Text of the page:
Friday, July 20, 2007

I absolutely adore SANTONS, especially
the antique Spanish Colonial ones.
I'll be heading back to France next month and
plan to spend a few days in Spain with the hopes
that I can find a few at an affordable price.

These photos are from Historia

The name Santon comes from the Provençal word
“Santoun” which in turn comes from the Italian word
“Santibelli”; meaning “little saints”.
They are also called Santos in Spanish.

Santons originated in Italy in 1223 when St. Francis of Assisi
(whose mother was from Provence) began staging
live nativity scenes.
After his death the custom of the creche spread
throughout Europe.
It was during the French Revolution that Santons
became popular. Prior to the Revolution, parishioners
re-enacted the nativity in the form of a play. The
Church further encouraged them during the
Council of Trent in the 16th century,
to help combat Protestantism.
But, when the Revolution banned midnight mass
and nativity plays in 1789 and churches were closed in 1794,
the creche began appearing in private homes.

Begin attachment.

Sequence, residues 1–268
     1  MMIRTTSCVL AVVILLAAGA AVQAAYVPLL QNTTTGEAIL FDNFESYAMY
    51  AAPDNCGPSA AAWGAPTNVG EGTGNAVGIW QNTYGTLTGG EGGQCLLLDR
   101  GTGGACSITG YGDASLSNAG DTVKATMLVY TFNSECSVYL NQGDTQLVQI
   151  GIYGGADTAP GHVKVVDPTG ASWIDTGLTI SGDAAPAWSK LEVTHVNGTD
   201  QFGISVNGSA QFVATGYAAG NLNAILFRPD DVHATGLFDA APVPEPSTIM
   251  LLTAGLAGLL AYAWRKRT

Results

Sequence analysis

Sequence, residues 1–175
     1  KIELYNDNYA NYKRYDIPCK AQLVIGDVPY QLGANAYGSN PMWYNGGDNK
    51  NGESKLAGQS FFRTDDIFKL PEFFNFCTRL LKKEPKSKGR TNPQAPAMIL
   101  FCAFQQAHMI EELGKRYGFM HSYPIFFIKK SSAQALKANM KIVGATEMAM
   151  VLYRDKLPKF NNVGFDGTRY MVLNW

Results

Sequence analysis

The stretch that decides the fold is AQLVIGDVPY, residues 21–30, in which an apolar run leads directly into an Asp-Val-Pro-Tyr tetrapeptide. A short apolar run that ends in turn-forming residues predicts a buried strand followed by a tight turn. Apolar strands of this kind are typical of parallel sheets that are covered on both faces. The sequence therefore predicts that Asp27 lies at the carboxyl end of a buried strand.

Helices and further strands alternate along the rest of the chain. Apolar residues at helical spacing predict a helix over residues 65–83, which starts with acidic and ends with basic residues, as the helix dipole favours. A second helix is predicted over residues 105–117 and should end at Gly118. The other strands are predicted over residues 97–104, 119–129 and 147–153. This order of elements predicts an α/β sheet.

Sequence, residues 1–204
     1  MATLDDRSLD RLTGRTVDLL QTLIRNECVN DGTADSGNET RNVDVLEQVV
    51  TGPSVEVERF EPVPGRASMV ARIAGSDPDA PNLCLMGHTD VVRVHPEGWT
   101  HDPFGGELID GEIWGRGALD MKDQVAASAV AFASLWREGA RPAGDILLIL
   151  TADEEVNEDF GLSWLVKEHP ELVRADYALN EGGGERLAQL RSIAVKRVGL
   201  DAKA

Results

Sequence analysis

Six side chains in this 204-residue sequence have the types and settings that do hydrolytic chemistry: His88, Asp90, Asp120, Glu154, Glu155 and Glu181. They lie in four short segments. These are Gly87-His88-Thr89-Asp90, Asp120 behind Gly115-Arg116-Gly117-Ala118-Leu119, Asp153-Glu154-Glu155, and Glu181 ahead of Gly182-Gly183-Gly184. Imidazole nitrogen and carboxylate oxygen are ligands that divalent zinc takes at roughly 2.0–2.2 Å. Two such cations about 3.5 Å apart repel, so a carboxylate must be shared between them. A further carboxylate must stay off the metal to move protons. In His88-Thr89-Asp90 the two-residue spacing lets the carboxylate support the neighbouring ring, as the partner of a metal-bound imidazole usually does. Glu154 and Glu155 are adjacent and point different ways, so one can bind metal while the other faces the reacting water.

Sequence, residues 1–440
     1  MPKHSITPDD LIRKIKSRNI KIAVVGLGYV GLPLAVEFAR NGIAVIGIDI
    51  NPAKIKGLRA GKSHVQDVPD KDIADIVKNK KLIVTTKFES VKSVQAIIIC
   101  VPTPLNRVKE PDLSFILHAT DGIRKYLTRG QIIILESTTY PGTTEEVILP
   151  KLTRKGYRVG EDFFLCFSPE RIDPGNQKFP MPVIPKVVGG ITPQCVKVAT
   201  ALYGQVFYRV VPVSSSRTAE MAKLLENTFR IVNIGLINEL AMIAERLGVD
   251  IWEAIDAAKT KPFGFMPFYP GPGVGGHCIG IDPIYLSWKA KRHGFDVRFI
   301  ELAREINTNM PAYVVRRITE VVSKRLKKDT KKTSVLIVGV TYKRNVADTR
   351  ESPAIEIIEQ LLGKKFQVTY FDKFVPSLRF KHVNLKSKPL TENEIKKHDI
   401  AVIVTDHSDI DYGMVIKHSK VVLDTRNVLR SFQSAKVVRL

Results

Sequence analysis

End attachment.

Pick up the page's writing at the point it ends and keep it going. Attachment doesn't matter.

In 1797, a Marsaillais called Jean-Louis Lagnel (1764-1822)
conceived the idea of creating a number of provençal
santons to add to the crèche. He also developed
the plaster mould, which enabled mass production.
One of his moulds is still preserved in the
Musée de Vieux Marseille
along with a number of clay figurines. As time past
more clay figurines were added to the crèche
representative of the "Pastoral" a play performed
in Provence at Christmas.
Nowadays there are numerous santon fairs all around
the Côte d’Azur and Provence at Christmas time.
Many say that the most beautiful santon fair is in
Aix-en-Provence, the historical capital of Provence.
The fair is held every year through the month of December.

Dressed Santons originated in Italy too and can be
traced back to the 18th century. Dressed santons
represent provençal trades people from the 17th century.
A quality santon is made in one piece (except the arms)
and not held together by any wires. The hands should
be nicely shaped with well marked fingers and the
same colour as the face. The size of the santon must
be fives times the dimension of its head. Clothes must
comply with provençal customs, hand stitched and not
glued or pinned.

Typical accessories are:
Taiole : a red, blue or grey ribbon wrapped
three times around the waste.
Scarf : folded in a triangle, with three folds, the ends
crossed over in the front and hidden by the apron;
the end point of the scarf must not show beyond the waist.

Owning a Santon is like having a little bit of French
folklore and Provence in your home and something
a little magical too.

For some great examples of antique Santons
and Spanish Colonial Art visit Historia Antiques
and keep your fingers crossed that I am able
to find a few next trip.

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